Europe won energy war 2023 and is preparing for next winter

Gas tanks are currently being refilled to be prepared for the upcoming winter as the consumption of stored gas in Europe has reached its peak.

According to data from GIE (Gas Infrastructure Europe), European gas tank storage reached a low of 55.36% full on April 1 and has since increased to 57.94% full as of April 23.

Low usage of gas gives Russia no chance to blackmail

This year’s gas usage was exceptionally low, and the peak level—when gas tanks were more than 50% full—was the highest storage level after the heating season in at least five years.

In 2018, fewer than 18% of Europe’s storage capacity was filled towards the end of the heating season. Usually, the EU’s tanks are between 25% and 35% filled after the season is over.

Tanks in Europe have been able to stay so full because of the US and Qatar’s increasing imports of LNG. The EU’s demand that the tanks be filled to 90% capacity by November 1 to avert another energy crisis this year is greatly lessened by half-full tanks towards the conclusion of the heating season.

This month, the European Commission reiterated its demand that Europe reduces gas use by 15% from the long-term average. This will result in a sizable surplus that will make it simpler to fill the tanks on schedule.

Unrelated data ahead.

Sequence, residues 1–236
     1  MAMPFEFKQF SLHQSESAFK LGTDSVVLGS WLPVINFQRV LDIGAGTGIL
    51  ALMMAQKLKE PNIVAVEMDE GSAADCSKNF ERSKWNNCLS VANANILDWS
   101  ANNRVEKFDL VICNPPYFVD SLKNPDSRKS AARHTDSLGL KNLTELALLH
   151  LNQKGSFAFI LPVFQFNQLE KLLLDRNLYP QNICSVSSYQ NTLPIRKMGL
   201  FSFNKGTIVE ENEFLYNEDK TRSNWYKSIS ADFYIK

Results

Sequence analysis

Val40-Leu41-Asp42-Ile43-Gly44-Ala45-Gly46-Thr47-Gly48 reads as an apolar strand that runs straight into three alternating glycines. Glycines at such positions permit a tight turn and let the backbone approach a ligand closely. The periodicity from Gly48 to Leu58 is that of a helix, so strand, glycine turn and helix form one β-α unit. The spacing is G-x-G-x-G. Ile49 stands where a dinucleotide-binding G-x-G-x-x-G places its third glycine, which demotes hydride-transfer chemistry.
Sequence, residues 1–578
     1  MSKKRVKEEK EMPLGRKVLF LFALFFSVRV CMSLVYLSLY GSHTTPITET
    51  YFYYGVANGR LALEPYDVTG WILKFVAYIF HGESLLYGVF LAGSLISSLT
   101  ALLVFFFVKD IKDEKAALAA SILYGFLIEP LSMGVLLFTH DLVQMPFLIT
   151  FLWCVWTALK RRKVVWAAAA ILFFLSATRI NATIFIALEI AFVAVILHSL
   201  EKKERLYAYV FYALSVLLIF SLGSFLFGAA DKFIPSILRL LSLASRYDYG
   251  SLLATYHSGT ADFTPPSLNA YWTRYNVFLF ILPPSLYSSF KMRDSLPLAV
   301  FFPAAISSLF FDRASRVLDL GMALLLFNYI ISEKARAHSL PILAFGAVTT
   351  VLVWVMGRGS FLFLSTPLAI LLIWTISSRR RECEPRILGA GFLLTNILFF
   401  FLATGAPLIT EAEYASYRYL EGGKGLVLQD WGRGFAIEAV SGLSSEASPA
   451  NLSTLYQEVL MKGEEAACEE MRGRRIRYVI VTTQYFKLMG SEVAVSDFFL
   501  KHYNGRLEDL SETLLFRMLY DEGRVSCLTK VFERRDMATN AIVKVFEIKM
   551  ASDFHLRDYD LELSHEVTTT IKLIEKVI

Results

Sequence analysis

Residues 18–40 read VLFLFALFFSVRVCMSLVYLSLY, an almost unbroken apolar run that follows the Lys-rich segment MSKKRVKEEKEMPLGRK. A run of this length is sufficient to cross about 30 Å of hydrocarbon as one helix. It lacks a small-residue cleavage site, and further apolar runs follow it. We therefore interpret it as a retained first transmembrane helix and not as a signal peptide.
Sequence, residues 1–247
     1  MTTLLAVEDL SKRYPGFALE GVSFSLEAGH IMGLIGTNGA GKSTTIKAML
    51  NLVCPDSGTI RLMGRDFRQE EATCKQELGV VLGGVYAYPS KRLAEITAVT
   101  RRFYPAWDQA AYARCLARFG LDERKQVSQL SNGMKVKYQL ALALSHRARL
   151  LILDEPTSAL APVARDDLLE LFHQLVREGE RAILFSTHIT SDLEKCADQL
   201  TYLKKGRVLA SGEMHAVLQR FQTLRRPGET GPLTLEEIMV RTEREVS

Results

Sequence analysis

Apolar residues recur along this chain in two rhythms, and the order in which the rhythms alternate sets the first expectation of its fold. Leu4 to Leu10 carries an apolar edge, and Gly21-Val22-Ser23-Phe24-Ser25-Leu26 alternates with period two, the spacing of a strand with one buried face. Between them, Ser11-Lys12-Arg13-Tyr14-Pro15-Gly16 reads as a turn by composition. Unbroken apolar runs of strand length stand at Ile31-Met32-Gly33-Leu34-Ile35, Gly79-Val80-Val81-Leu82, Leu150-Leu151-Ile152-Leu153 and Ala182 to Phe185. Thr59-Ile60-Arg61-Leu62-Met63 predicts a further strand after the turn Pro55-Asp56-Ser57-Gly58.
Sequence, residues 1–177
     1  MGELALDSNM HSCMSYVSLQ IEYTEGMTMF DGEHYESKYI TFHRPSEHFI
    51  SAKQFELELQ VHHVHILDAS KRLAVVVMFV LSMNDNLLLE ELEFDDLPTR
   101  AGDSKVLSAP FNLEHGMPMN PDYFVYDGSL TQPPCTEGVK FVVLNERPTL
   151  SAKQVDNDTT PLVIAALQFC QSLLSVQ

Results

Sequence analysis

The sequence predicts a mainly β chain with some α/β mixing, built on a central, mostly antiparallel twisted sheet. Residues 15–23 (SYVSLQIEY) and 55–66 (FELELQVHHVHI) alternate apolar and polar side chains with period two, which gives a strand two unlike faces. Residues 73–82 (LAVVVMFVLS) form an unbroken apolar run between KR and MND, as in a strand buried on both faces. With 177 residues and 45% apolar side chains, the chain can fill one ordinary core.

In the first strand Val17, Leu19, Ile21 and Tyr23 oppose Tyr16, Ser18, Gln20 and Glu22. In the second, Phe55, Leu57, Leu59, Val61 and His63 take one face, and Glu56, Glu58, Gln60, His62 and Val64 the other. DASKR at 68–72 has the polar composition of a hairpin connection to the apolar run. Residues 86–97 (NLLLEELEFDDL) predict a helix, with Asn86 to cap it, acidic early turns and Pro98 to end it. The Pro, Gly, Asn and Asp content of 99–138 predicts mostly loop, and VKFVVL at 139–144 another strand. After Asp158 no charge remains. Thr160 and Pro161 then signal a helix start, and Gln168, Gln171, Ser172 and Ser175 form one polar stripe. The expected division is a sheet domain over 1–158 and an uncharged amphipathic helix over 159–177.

Buying LNG in Asia and the US to exhaust the war machine

Europe will be adequately supplied with LNG throughout the summer since purchasers must achieve storage goals and because Asia’s gas use is still being used sparingly.

Europe has been significantly increasing its storage capacity as a result of the enormous remaking of its energy conflict with Russia and the destruction of the Nord Stream gas pipelines last September. Since September, more than 45 billion cubic meters of additional capacity have been added in the Netherlands, Germany, Italy, Finland, and Turkey; later this year, more development plans in France and Greece are anticipated to be completed.

To reach storage goals, EU nations presently need to inject about 34 bcm of gas by the beginning of November, which is less than the 64 bcm required at the same time last year.

Soon Europe will secure its’ gas demand for winter 2024

Gas consumption in Europe normally ranges between 450 and 500 bcm per year. Prior to the conflict, Russia exported over 150 bcm of gas to Europe annually, but that number fell to 60 bcm in 2022 and is projected to decrease to 25 bcm this year via the last remaining pipelines that pass through war-torn Ukraine and Turkey.

In 2022, Europe purchased a record 130 bcm of LNG, a 60% increase over the 80 bcm it imported in 2021. This year, new liquefaction projects in the US and Africa are likely to contribute significantly to the projected 23 bcm growth in global LNG production.

The 90% goal could be reached as soon as late August or early September if the tanks are filled at the current rate.

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